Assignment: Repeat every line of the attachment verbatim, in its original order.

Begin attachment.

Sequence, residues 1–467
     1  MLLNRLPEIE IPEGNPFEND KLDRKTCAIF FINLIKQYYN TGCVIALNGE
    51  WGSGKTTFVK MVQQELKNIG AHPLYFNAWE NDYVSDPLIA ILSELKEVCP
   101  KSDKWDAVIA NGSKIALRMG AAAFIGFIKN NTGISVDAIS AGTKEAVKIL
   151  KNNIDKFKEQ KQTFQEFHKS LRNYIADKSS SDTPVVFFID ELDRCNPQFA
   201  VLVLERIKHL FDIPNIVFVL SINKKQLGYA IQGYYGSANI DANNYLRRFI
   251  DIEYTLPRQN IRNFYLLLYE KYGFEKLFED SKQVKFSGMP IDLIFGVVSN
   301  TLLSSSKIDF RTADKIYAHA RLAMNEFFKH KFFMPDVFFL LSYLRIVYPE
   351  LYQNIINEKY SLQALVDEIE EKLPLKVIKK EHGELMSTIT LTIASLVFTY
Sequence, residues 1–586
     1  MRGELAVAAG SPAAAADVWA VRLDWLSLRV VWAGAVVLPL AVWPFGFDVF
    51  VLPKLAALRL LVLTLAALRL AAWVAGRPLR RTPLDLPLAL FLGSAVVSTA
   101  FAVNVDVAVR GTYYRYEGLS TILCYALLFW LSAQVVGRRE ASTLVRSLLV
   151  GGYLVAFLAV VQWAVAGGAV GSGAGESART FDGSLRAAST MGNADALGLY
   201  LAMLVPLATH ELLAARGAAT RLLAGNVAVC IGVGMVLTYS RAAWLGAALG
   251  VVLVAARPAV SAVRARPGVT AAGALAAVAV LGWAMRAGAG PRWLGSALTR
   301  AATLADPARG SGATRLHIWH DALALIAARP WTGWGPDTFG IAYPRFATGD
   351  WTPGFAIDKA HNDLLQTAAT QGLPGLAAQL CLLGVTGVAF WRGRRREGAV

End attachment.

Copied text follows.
Sequence, residues 1–467
     1  MLLNRLPEIE IPEGNPFEND KLDRKTCAIF FINLIKQYYN TGCVIALNGE
    51  WGSGKTTFVK MVQQELKNIG AHPLYFNAWE NDYVSDPLIA ILSELKEVCP
   101  KSDKWDAVIA NGSKIALRMG AAAFIGFIKN NTGISVDAIS AGTKEAVKIL
   151  KNNIDKFKEQ KQTFQEFHKS LRNYIADKSS SDTPVVFFID ELDRCNPQFA
   201  VLVLERIKHL FDIPNIVFVL SINKKQLGYA IQGYYGSANI DANNYLRRFI
   251  DIEYTLPRQN IRNFYLLLYE KYGFEKLFED SKQVKFSGMP IDLIFGVVSN
   301  TLLSSSKIDF RTADKIYAHA RLAMNEFFKH KFFMPDVFFL LSYLRIVYPE
   351  LYQNIINEKY SLQALVDEIE EKLPLKVIKK EHGELMSTIT LTIASLVFTY
Sequence, residues 1–586
     1  MRGELAVAAG SPAAAADVWA VRLDWLSLRV VWAGAVVLPL AVWPFGFDVF
    51  VLPKLAALRL LVLTLAALRL AAWVAGRPLR RTPLDLPLAL FLGSAVVSTA
   101  FAVNVDVAVR GTYYRYEGLS TILCYALLFW LSAQVVGRRE ASTLVRSLLV
   151  GGYLVAFLAV VQWAVAGGAV GSGAGESART FDGSLRAAST MGNADALGLY
   201  LAMLVPLATH ELLAARGAAT RLLAGNVAVC IGVGMVLTYS RAAWLGAALG
   251  VVLVAARPAV SAVRARPGVT AAGALAAVAV LGWAMRAGAG PRWLGSALTR
   301  AATLADPARG SGATRLHIWH DALALIAARP WTGWGPDTFG IAYPRFATGD
   351  WTPGFAIDKA HNDLLQTAAT QGLPGLAAQL CLLGVTGVAF WRGRRREGAV